Dr Van Herwegen conducted a questionnaire, with 569 respondents. These included 366 members of the public and 203 individuals working in education (mainly mainstream teachers). Whilst the authors hypothesised that teachers would hold fewer incorrect beliefs about neuromyths than the general public, this did not prove to be the case. 20% of the myths were still wrongly identified as fact by both educators and the wider public. They also found that both teachers and the public were more likely to accept neuromyths about neurodevelopmental conditions than general neuromyths.

Why does this matter? Endorsing certain neuromyths can hinder access to appropriate support for children with neurodevelopmental conditions. Studies have highlighted that when a teacher endorses neuromyths, they may adopt practices linked to these incorrect beliefs. The authors point to a need to improve educational resources for both educators and the public, to ensure that children are not detrimentally impacted by incorrect assumptions about the workings of the brain. 

Implications of the research

Implications for schools – School staff would generally benefit from a greater understanding of developmental disorders, how they manifest and what causes them, and of scientifically based information about learning mechanisms (how the brain behaves as we learn). Ensuring that school staff know how to identify trusted sources of evidence and have a clear understanding of rigorous research methods is important. We advise all staff to read Dr Van Herwegen’s simple tip sheet on how to evaluate the effectiveness of classroom practices.

Dr Van Herwegen has recently launched NeuroSENse, a new awareness campaign designed to make sense of neuromyths in SEND. You can read blogs about common neurodevelopmental disorders and download a school poster that describes different ways to address neuromyths in SEND in your setting here. Educational videos will also be released over the coming weeks.

Implications for parents – Having an appetite for accurate scientific evidence and an interest in neuroscience is likely to reduce the amount of neuromyths that we incorrectly take on board as fact. Parents should try to reflect on what assumptions they hold about learning and about how the brain works and question whether the sources for this information are rigorous and evidence-based. Read our recent Wednesday Wisdom blog for further thoughts.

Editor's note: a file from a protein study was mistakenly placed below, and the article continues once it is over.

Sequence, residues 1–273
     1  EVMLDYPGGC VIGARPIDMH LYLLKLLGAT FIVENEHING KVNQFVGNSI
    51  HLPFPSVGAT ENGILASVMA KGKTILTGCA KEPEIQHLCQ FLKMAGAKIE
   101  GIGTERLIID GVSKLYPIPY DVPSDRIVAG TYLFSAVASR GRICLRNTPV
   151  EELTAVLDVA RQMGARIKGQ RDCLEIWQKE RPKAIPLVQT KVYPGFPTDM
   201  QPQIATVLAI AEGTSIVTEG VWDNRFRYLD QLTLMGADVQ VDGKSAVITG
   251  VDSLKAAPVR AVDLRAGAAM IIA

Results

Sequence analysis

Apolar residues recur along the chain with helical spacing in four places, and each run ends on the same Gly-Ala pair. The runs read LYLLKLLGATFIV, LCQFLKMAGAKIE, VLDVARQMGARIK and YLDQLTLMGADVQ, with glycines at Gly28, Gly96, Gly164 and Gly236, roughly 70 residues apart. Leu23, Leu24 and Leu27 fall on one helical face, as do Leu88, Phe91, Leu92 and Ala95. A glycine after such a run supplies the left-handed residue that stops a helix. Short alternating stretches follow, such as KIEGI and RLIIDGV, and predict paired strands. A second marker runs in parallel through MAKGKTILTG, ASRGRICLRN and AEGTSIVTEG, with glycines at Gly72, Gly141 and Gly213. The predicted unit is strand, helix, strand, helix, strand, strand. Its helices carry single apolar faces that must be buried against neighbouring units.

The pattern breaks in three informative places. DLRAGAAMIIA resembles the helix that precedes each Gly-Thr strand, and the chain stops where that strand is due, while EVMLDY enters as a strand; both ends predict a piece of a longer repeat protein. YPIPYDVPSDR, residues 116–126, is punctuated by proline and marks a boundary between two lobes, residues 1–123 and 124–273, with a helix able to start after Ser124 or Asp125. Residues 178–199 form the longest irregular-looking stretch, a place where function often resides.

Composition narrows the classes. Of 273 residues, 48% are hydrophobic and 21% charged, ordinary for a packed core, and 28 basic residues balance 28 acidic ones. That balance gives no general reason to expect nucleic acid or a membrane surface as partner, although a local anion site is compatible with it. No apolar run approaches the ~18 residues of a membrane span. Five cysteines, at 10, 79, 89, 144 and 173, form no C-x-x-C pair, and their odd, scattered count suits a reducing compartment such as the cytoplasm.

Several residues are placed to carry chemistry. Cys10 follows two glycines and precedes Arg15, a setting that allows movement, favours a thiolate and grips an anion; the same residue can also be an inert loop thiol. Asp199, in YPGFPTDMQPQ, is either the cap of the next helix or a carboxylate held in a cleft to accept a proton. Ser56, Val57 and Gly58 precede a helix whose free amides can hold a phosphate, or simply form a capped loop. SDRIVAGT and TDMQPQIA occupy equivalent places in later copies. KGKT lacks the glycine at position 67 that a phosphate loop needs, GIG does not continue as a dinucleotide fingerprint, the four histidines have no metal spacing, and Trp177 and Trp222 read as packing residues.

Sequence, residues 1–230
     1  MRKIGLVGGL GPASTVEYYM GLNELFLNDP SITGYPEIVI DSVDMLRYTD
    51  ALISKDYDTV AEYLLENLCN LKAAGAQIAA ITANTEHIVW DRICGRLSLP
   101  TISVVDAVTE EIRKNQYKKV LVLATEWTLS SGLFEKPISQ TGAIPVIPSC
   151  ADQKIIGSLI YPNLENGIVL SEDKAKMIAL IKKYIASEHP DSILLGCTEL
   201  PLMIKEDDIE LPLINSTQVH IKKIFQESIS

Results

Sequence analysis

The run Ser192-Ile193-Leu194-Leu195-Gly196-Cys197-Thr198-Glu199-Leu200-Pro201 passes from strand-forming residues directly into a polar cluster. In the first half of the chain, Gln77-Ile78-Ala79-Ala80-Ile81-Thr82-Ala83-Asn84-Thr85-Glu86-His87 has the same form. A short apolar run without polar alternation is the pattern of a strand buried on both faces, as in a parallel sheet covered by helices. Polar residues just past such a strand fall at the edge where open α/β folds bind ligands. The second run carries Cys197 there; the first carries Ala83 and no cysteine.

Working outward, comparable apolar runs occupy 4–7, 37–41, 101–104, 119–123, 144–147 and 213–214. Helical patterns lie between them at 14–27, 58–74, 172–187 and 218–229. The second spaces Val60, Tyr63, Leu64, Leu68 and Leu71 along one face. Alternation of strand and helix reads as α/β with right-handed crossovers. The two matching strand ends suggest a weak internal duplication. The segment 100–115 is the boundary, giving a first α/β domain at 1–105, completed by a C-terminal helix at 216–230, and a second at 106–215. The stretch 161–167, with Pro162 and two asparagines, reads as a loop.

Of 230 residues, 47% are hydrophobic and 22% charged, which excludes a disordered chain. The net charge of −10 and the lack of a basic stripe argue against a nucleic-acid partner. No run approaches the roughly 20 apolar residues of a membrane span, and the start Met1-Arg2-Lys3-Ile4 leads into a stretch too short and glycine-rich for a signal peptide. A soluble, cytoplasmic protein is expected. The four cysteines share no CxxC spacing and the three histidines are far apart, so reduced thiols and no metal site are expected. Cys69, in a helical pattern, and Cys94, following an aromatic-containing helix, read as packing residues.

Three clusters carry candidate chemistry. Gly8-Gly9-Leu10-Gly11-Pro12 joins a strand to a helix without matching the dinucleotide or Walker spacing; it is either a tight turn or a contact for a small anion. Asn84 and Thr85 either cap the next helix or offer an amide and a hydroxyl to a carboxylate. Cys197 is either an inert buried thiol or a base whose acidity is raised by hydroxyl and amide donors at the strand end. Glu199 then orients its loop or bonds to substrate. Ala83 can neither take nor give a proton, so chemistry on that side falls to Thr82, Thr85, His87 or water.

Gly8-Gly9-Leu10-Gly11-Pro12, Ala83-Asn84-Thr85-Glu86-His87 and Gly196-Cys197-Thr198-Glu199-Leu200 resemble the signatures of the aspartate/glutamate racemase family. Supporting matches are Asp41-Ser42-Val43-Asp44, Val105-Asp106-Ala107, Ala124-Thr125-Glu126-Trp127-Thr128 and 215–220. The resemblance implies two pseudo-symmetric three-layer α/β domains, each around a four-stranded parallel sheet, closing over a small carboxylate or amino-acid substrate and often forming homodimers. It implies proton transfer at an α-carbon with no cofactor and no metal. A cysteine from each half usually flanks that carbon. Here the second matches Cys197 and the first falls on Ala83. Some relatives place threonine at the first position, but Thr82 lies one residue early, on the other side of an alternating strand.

Our Clinical Partners

We take pride in working in close collaboration with some outstanding clinical professionals who are leaders in their fields. We only signpost parents and carers to those that share our commitment to evidence-based approaches.

Mrs Pauline Riley-Hunte
Consultant Chartered Clinical and Child Psychologist.

Associate Fellow with the British Psychological Society (BPS), a ‘Registered Psychologist’ with the UK Health Care Professions Council ( HCPC) and a certified member of the Allied Paramedical Board, Barbados.

Mr Will Napier
Chartered Counselling Psychologist (C Psychol)

Chartered Counselling Psychologist (C Psychol), Post-Masters Certificate in Counselling Psychology (PGCert Couns Psych), Masters Degree in Counselling Psychology (MSc, Couns. Psych), Cognitive Science (First Class) (BSc Hons) and Theology MA (First Class, Oxford University)

Tooled Up News

Hot off the press! The results are in

The Tooled Up team have just returned from the IAPS National Conference in Bournemouth where our founder, Dr Weston, presented a keynote speech on the findings of a staff survey that was jointly commissioned by IAPS and Tooled Up. The survey provided a snapshot of how staff were feeling during a particular period of time back in May (13-31st 2021). Fourteen months into the pandemic, 86 questions explored the following areas

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Celebrating a summer of play

Our Researcher of the Month, Professor Helen Dodd, has recently launched a new campaign called #SummerOfPlay, which Tooled Up Education is pleased to support. The Summer of Play campaign, coordinated by Playfirst UK, Save the Children, Play England, Play Scotland, Play Wales, Playboard Northern Ireland, and others, is appealing for a major national effort to get children playing this summer, in order to bolster wellbeing and reduce the risk of any long-term impact on children’s development as a result of recent lockdowns. 

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"I thought the talk last night was absolutely fantastic. It really helped us to have a vision and how we can support [Child] to develop his resilience."

Yarm School

"So informative - lots of food for thought as a teacher and a parent of two girls. Thank you."

Merchant Taylor's School

"So informative, thought-provoking, practical, awesome!"

South Hill School


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Have a Question?

If you are interested in learning more about Tooled Up Education, have a technical question, press enquiry or any other query, please follow the link below or get in touch with Dr Weston’s team on email: office@tooledupeducation.com